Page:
Press Release – ASU
JONESBORO – In a healthcare emergency, when minutes count, fast response from well-qualified medical personnel can save lives.
Arkansas State University, a long-time leader in health professions education, today secured state approval to offer two new high-demand programs for emergency response personnel.
The emergency medical technician (EMT) program is a 12-credit hour program, and the more advanced paramedic training is a 51-credit hour program. Both offer options on certification and college credit.
The Arkansas Higher Education Coordinating Board approved the programs during their meeting today in Little Rock.
“Starting the paramedic program was motivated by discussion from the community,” explained Sara Walker, who is directing the two new emergency medical services programs. “The need for highly qualified, licensed paramedics was brought to our attention by our community partners, specifically senior paramedics and EMS (emergency medical services) instructors.”
The EMT program prepares students for entry-level practice as an emergency medical technician – basic. Individuals who complete the EMT training, which is a single semester program, will receive a certificate of proficiency and will be qualified to take the national registry exam for EMT.
Students in the Associate of Applied Science (AAS) program in disaster preparedness and emergency management also can apply this coursework toward their degree.
The paramedic program, which prepares students for entry-level practice, consists of 51 credit hours of classroom and hands-on training. Graduates will receive a technical certificate in paramedic and qualify for the paramedic basic national registry exam.
Similarly, paramedic students also can apply their coursework toward an Associate of Applied Science in paramedic, which includes additional hours in general education.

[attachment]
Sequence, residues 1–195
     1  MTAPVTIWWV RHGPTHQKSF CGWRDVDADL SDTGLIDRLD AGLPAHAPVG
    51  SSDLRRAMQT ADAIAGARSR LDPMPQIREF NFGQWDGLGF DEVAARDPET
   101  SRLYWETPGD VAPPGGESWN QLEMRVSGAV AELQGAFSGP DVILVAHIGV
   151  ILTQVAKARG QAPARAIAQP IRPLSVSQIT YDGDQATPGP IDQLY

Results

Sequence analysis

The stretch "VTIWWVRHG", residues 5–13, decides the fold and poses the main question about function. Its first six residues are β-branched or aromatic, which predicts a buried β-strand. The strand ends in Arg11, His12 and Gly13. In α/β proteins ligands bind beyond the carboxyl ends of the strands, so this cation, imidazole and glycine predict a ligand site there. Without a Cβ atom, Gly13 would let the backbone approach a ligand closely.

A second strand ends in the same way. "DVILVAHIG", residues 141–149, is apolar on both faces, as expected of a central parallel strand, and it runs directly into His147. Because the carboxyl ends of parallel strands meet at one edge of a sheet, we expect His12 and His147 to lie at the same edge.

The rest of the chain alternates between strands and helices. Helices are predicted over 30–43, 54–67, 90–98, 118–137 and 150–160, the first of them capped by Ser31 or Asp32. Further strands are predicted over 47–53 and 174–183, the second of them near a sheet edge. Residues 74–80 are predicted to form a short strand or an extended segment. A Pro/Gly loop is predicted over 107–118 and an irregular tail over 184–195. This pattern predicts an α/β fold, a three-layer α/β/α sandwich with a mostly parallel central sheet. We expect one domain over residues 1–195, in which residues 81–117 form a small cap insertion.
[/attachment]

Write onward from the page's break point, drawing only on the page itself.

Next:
“We have many synergistic opportunities between the planned EMT/P program and existing programs,” added Dr. Deborah Persell, director of the Regional Center for Disaster Preparedness Education. “For example, existing university-level courses can be offered in support of the EMT/P program and existing tangible resources can also be utilized. The Regional Center is fully equipped to provide the nationally standardized courses for core, basic and disaster life support.”
The A-State paramedic program has been issued a letter of review by the Committee on Accreditation of Educational Programs for the Emergency Medical Services Professions (CoAEMSP). This letter signifies a program seeking initial accreditation has demonstrated sufficient compliance with the accreditation standards through the Letter of Review Self Study Report (LSSR) and other documentation. Letter of review is recognized by the National Registry of Emergency Medical Technicians (NREMT) so that individuals can take NREMT’s paramedic credentialing examination, but it is not a guarantee of eventual accreditation. After the first year of program operation, A-State will be able to pursue formal steps for accreditation.
For information on how to qualify and apply for the EMT and paramedic programs in A-State’s College of Nursing and Health Professions, one may contact Sara Walker, director, at (870) 680-8286 email@example.com.
Featured Photo: Sara Walker, program director, in the ambulance simulator. Source: ASU